Royal College of Art design student Chao Chen has developed a revolutionary new building material that responds to the presence of water. After observing the hydro-sensitive behavior of pine cones, which open and close depending upon their exposure to water, Chen has developed a wood laminate material that similarly bends and flexes in response to atmospheric humidity, soil moisture or rain. Each pine cone has two layers. When it gets wet, the outer layer elongates more than the inner layer and closes in on itself.” This led to the development of the laminate product, which features sandwiched layers of fabric, thin film and wood veneer. The veneer absorbs water, expands across the grain and curves or flattens depending on the production technique.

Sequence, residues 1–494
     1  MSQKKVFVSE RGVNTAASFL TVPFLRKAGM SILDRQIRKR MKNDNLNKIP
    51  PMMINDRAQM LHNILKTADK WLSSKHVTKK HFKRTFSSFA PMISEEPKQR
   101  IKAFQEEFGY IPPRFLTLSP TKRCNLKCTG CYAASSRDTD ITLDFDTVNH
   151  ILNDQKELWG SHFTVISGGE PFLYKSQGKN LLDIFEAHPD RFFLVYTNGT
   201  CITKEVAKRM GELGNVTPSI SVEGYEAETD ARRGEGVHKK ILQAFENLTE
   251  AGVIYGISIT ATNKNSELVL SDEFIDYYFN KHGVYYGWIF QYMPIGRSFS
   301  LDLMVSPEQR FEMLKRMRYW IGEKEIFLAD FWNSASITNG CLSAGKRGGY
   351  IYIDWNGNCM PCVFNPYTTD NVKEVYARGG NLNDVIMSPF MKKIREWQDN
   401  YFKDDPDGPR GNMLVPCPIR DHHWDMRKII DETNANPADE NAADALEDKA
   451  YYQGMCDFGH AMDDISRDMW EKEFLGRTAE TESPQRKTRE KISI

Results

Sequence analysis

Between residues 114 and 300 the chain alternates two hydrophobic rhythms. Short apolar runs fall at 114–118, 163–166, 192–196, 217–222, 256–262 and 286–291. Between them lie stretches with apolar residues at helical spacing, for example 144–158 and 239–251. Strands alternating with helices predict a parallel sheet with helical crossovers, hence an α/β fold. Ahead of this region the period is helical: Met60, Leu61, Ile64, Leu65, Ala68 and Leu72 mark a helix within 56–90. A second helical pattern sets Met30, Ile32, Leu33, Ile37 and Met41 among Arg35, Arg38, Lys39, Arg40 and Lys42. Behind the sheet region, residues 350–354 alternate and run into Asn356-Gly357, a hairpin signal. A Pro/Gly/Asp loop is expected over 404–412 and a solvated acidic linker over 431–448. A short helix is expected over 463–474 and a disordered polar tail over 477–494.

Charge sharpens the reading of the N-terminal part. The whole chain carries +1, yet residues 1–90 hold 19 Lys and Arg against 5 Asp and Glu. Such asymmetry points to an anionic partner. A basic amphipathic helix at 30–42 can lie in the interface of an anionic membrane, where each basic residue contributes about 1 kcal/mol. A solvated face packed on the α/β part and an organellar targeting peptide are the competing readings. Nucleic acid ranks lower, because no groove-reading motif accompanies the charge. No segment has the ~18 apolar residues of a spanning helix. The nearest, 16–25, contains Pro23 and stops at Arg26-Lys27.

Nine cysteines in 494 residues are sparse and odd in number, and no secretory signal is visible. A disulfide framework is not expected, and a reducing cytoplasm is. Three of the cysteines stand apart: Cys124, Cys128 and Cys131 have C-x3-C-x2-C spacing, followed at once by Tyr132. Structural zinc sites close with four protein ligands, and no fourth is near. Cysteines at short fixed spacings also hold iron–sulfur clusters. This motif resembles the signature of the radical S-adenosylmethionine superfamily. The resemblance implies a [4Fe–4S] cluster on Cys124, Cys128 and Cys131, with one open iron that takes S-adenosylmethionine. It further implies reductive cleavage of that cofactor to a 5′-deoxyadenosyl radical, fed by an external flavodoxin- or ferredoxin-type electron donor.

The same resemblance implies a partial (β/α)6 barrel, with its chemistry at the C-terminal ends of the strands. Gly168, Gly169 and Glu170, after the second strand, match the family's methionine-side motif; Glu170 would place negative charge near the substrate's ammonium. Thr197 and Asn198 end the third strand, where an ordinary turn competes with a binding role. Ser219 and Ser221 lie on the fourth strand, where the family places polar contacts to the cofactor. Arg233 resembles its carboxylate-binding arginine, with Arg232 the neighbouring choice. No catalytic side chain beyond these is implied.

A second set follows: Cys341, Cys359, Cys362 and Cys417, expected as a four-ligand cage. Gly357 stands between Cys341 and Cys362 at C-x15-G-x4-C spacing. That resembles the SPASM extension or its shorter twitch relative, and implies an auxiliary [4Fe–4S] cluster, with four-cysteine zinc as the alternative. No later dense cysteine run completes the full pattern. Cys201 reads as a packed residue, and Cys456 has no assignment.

Applications for the technology include shelters that seal up when it rains and building cladding that opens to let in more light on a dull, drizzly day but closes to block out heat when the weather is hot and dry.